25. I lived in a sears home for the first 13 years of my life. It was a solid house. It had room, it was not drafty and it was all around a decent home. I miss it.

  26. Its still around but self building a home is outside the skillset of most people. The ones who can do it often run into zoning and building challenges.

  27. What pisses me off is that most of these houses... even the sears top o the line honor bilt houses... were under 3k... which is less than 50k in todays money with inflation ... 50k for a house.... 50k barely even covers a mortgage... god i'm so salty. I cant even afford a house this nice.

  28. Simpler times, nowadays our capitalism and consumerism complicates the process to idiotically mark up the margin

  29. We’ve got lots of those here in iowa, if you lived within 25 miles of a train station, and wanted your own home, buying one of these was a nobrainer.

  30. Sears was a major retailer into the 1980s or 90s but it couldn't keep up with Walmart and Target due to poor leadership and vision and then a man named Eddie Lampert bought it, extracted whatever value he could out of it (mostly from its real estate holdings), and drove it into the ground. There are fewer than 20 stores still open, if that. He did the same with KMart, which was Walmart before Walmart.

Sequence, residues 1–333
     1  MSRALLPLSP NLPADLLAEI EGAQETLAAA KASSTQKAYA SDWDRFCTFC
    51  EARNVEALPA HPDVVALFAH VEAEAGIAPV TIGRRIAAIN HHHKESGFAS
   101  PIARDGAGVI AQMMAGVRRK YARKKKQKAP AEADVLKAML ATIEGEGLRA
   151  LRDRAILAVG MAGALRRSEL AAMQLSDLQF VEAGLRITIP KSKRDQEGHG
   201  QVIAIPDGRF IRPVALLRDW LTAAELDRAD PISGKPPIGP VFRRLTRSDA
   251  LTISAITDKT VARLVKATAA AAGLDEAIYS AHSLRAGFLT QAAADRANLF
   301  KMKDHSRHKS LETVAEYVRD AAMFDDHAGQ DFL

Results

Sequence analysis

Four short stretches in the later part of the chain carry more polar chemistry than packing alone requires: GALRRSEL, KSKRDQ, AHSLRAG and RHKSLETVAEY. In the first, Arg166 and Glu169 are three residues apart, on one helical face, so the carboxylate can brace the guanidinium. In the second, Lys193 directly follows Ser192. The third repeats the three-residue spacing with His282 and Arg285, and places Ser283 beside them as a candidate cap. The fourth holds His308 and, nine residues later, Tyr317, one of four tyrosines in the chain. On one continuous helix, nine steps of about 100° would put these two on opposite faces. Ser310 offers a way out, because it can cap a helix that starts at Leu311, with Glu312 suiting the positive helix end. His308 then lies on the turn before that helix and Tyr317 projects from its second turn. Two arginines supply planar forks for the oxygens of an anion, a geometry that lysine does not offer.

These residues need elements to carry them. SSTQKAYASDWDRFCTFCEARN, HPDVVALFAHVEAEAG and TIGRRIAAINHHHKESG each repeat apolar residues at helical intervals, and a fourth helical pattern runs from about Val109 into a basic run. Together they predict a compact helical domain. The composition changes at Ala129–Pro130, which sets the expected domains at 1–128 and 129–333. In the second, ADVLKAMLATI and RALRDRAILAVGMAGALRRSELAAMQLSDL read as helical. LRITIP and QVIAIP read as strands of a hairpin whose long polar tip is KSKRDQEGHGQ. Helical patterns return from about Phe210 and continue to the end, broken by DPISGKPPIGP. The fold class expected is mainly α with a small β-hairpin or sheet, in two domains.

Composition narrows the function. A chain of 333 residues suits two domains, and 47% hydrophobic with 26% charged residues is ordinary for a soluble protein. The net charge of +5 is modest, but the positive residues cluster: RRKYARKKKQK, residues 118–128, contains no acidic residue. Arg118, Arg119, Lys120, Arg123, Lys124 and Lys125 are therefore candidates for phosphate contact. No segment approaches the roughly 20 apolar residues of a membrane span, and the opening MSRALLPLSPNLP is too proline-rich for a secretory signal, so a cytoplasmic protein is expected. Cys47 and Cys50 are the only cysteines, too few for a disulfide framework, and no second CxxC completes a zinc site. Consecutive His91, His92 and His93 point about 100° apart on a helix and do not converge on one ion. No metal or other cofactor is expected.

31. I have one of these homes! Still standing strong to this day, we are getting ready to sell it because we need extra room, it didn't even hit the market and sold to the first person who looked at it!

  32. The "build your own house" boom sort of ended after WWII so Sears kinda quit doing it. Other companies kept at it and you can actually still do this today.